The Carrier Strike Group

More information is available on each of the types of ships shown here. To view the information on the particular type of ship, click on the ship's silhouette. This will take you to the Navy Fact File.
First, it is important to note that there really is no real definition of a strike group. Strike groups are formed and disestablished on an as-needed basis, and one may be different from another. However, they all are comprised of similar types of ships. Typically a carrier strike group might have:

Nimitz-class carrier



Ticonderoga-class cruiser



Arleigh Burke-class destroyer



Los Angeles-class
attack submarine



Supply-class replenishment ship




  • a carrier The carrier provides a wide range of options to the U.S. government from simply showing the flag to attacks on airborne, afloat and ashore targets. Because carriers operate in international waters, its aircraft do not need to secure landing rights on foreign soil. These ships also engage in sustained operations in support of other forces.
  • a guided missile cruiser multi-mission surface combatant. Equipped with Tomahawks for long-range strike capability.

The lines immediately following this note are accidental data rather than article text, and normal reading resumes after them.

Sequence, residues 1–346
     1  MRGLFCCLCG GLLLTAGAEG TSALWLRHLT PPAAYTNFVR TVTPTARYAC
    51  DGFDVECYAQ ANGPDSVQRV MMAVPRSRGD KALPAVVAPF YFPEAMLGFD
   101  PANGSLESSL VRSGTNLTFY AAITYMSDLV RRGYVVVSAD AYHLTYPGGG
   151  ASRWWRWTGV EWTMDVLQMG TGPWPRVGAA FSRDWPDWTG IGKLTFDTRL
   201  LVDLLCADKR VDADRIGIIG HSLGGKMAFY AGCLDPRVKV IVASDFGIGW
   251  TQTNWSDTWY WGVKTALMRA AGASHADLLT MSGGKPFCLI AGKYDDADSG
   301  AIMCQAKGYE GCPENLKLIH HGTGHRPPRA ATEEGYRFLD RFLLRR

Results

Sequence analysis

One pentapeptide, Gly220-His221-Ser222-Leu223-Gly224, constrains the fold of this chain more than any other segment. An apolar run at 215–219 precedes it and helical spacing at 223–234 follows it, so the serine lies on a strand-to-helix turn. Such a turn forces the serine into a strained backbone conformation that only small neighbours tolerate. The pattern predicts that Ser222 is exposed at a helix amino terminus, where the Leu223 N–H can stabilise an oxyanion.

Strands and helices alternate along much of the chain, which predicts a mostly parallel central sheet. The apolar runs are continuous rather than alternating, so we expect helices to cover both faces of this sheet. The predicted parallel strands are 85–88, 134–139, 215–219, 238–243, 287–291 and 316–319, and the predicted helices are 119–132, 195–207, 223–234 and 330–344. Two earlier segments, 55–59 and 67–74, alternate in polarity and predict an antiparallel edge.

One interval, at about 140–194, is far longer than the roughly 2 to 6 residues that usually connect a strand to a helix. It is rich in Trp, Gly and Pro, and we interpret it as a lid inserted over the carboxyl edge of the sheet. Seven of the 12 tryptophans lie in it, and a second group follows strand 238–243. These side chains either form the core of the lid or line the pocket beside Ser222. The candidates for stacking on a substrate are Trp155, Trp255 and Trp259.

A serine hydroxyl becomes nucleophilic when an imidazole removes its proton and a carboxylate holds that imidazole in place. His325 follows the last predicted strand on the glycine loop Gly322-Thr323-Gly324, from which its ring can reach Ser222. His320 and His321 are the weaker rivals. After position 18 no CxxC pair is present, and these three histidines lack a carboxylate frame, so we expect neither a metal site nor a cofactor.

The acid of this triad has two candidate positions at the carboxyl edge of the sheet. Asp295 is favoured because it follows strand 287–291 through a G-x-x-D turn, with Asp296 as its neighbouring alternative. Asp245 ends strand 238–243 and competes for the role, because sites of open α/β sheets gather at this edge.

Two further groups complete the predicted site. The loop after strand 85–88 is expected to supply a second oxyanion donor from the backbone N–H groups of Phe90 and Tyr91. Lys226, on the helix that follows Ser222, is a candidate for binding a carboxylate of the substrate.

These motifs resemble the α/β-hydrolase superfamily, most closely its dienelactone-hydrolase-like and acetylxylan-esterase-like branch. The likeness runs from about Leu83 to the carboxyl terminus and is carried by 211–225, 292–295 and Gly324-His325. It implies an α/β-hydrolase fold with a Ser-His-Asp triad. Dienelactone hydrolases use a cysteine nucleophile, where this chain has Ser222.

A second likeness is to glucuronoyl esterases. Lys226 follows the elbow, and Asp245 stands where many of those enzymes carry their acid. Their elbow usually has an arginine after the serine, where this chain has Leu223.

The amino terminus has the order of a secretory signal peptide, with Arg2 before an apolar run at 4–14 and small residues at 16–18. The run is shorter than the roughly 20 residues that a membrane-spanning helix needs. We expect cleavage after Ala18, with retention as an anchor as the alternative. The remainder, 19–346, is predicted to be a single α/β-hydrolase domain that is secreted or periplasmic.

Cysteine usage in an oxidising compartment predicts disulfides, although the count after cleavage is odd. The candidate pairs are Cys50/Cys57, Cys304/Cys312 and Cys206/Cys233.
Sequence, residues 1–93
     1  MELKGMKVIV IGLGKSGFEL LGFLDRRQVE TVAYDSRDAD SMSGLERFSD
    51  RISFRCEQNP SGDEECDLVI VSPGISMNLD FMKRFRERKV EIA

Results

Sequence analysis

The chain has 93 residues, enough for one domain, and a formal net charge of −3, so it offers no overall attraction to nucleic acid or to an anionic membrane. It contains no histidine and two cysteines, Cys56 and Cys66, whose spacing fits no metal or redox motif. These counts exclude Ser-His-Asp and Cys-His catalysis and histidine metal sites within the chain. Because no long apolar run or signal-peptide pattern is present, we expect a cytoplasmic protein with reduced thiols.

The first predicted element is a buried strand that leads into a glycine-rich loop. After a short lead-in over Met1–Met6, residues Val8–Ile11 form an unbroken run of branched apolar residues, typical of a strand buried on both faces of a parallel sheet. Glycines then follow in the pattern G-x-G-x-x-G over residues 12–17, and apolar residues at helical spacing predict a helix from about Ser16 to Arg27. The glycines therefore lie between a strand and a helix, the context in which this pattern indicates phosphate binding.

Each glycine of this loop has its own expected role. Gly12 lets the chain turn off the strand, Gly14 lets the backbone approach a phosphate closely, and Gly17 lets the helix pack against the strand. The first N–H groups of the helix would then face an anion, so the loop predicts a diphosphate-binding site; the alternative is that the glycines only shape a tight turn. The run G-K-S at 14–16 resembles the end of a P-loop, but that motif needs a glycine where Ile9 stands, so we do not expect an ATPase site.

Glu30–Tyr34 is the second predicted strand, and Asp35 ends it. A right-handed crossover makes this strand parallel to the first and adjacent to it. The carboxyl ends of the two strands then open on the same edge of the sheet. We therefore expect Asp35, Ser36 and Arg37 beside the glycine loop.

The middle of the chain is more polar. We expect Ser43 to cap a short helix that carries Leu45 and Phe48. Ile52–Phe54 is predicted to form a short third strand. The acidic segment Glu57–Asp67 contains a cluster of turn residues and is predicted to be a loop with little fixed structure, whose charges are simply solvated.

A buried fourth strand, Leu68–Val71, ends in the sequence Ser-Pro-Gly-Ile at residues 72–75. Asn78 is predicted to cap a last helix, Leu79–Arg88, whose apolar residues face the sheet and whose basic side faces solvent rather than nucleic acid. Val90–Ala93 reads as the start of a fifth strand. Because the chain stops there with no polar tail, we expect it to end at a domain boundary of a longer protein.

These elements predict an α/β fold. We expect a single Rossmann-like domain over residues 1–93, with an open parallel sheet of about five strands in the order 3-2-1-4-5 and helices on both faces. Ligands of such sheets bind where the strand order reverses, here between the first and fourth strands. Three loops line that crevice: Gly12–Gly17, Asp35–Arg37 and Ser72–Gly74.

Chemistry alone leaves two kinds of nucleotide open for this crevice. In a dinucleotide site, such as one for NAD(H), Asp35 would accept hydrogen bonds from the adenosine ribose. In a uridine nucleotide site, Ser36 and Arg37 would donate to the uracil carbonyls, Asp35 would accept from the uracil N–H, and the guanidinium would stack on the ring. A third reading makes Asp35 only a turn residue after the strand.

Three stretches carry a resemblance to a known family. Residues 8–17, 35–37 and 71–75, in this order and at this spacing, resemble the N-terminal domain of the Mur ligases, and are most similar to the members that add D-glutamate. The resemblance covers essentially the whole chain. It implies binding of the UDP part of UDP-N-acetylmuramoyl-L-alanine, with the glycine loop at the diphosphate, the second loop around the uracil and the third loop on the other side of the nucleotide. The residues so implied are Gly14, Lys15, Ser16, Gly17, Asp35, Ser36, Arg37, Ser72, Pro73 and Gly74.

• two guided missile destroyers multi-mission surface combatants, used primarily for anti-air warfare (AAW)
  • an attack submarine in a direct support role seeking out and destroying hostile surface ships and submarines
  • a combined ammunition, oiler, and supply ship provides logistic support enabling the Navy's forward presence; on station, ready to respond

The Carrier Strike Group (CSG) could be employed in a variety of roles, all of which would involve the gaining and maintenance of sea control:

  • Protection of economic and/or military shipping.
  • Protection of a Marine amphibious force while enroute to, and upon arrival in, an amphibious objective area.
  • Establishing a naval presence in support of national interests.